and Vietnamese Views of the War (Armonk, NY: M.E. Sharpe, 1992) p. 63.

[2] Chae-Jin Lee, pp. 55, 70.

[3] Cumings, Korea?s Place in the Sun, p. 321.

[4] Martin Hart-Landsberg 1993, 147-8.

[5] Han Sung-joo, ?Korean Politics in an International Context,? in Korean
National Commission for UNESCO (editor) Korean Politics: Striving for
Democracy and Unification (Elizabeth, NJ: Hollym, 2002) p. 620.

From: don kirk <kirkdon at yahoo.com>
Reply-To: Korean Studies Discussion List <koreanstudies at koreaweb.ws>
Date: Sat, 14 Apr 2012 15:04:41 -0700
To: Kevin Shepard <kevin_shepard at yahoo.com>, Korean Studies Discussion List
<koreanstudies at koreaweb.ws>
Subject: Re: [KS] Brian Hwang's Discussion Question

The question is whether or not they got bonuses in order to "volunteer" for
Vietnam. If they got no bonuses, then obviously they wouldn't be
"mercenaries." Even if they got bonuses, it would be difficult to pin the
mercenary label since soldiers in any army generally get combat pay when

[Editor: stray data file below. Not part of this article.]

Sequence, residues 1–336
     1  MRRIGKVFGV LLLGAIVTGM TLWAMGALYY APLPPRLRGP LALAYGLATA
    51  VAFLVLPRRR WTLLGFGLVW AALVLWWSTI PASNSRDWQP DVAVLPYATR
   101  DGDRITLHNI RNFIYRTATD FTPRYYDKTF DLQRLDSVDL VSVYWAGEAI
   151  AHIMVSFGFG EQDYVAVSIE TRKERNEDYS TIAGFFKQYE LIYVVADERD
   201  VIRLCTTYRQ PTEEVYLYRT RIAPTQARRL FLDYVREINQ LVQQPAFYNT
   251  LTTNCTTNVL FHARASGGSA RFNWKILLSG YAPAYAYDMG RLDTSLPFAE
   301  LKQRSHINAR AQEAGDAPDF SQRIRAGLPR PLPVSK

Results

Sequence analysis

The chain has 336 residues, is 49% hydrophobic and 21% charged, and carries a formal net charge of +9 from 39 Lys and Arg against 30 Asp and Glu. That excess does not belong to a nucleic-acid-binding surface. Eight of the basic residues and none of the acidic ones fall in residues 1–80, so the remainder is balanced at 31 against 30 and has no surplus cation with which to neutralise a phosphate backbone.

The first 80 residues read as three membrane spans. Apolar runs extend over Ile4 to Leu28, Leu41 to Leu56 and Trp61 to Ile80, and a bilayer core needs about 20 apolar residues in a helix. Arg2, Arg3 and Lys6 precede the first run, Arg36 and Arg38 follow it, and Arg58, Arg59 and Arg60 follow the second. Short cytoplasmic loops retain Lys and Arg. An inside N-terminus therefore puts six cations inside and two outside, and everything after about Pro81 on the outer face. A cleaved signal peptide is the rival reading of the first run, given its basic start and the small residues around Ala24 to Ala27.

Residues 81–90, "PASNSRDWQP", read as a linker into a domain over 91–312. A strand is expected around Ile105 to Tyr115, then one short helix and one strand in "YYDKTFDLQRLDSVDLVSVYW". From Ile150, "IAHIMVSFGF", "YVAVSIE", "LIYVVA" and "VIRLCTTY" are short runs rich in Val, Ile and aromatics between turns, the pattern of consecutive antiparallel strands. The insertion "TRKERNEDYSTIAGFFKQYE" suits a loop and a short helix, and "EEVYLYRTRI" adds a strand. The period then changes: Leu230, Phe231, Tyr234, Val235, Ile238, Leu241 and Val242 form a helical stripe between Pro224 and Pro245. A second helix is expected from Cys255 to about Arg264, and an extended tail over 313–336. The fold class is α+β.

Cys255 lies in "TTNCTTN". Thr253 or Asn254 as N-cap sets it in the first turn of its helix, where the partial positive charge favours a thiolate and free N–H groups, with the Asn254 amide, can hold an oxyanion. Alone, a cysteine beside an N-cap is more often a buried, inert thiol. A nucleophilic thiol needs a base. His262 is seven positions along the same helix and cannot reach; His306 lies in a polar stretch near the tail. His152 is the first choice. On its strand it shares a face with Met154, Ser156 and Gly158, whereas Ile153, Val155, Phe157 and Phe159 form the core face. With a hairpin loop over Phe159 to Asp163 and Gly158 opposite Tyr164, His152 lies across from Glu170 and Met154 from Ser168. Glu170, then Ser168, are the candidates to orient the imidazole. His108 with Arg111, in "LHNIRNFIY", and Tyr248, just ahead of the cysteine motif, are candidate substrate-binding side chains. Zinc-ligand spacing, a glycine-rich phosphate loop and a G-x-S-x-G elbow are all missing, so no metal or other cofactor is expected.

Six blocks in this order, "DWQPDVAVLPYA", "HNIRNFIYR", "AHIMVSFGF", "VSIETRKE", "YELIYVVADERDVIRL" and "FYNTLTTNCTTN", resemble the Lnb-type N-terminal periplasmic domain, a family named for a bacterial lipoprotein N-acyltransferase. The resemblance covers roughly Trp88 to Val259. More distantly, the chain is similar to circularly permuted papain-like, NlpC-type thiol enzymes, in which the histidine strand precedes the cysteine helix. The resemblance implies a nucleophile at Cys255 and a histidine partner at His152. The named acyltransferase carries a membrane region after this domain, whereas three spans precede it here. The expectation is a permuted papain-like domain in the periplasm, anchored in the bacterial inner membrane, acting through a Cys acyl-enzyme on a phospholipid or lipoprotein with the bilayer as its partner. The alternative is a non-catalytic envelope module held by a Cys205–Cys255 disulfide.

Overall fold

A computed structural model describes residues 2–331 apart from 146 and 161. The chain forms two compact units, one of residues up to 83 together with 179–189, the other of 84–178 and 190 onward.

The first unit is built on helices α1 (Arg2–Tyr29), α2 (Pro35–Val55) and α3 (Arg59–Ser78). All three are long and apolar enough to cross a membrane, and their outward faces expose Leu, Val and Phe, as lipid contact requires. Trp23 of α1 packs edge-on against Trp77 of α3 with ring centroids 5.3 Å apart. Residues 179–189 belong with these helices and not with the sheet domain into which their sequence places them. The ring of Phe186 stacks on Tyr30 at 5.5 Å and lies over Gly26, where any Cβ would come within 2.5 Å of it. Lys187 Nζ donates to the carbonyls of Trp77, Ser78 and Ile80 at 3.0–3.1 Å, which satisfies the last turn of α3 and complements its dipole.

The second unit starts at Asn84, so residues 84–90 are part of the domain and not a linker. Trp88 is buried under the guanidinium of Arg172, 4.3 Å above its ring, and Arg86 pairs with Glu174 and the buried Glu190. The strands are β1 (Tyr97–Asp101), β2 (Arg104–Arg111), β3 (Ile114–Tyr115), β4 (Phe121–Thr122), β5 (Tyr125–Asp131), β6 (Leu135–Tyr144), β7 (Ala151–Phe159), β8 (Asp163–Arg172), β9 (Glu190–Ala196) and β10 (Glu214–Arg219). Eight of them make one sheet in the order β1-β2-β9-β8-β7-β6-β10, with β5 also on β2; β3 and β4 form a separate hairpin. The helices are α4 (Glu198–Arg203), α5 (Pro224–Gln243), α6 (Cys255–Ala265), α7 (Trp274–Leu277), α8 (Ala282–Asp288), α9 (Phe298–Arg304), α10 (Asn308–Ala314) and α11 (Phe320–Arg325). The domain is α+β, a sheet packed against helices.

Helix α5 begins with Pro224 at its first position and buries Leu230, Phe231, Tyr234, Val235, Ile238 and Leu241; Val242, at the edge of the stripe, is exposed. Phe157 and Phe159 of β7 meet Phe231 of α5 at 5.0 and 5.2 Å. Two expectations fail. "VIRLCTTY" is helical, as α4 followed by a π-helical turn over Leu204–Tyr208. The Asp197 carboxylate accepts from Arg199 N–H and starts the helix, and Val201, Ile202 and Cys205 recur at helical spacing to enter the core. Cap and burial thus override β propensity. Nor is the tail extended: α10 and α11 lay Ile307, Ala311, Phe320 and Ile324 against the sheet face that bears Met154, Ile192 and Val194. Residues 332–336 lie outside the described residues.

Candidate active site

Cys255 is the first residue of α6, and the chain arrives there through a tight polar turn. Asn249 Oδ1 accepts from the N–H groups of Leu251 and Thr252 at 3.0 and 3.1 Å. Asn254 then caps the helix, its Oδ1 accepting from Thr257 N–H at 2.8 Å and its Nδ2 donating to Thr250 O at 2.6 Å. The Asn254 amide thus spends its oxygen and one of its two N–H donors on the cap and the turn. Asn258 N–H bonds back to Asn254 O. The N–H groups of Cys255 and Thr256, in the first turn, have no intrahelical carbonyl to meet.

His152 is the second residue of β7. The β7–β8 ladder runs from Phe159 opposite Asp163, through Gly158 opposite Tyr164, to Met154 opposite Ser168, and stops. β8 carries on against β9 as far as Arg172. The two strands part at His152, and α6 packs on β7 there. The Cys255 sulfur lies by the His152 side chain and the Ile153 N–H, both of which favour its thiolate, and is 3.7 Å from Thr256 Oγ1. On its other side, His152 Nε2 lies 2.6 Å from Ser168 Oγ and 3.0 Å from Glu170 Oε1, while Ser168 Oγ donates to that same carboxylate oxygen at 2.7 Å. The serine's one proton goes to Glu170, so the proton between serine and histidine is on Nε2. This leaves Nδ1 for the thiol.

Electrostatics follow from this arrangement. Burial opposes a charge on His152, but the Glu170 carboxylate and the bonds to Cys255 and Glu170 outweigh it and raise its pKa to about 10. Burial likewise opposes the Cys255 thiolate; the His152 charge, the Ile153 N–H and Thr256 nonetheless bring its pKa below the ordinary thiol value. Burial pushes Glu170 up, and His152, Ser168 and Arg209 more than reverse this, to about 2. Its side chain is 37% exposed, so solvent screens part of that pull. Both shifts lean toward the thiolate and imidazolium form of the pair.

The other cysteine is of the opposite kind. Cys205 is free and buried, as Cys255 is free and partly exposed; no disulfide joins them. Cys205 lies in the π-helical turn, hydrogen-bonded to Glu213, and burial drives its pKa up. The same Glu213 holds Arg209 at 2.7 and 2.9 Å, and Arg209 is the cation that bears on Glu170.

fighting overseas. Also, I'm not sure ordinary draftees had any say in
where they were sent.
 All told, 300,000 Koreans served in Vietnam over nearly a ten-year period.
Five thousand of them were KIA, many more WIA. The White Horse and Tiger
divisions were the principal units. Korean special forces were also in
Vietnam. Those whom I have met are proud to have served there. Many of
them, grizzled old veterans, turn up at demonstrations in Seoul protesting
leftist demos, NKorean human rights violations, North Korean dynastic rule
etc. They love to wear their old uniforms with ribbons awarded for Vietnam
service, including acts of individual heroism.
Some of them also talk quite openly about what they did in Vietnam -- and
could provide material supporting your thesis re "the type of warfare that
they had to fight in Vietnam,
including guerrilla warfare and civilian warfare." Strongly suggest you
come here and interview some while they're still around. They'd tell you a
lot, good and bad. Sorry to say, one of them once boasted to me of a
personal "body count" of 300 victims -- would doubt if all of them were
"enemy." On the other hand, they were also known for high levels of
efficiency and success in their AO's.
Good luck on the project.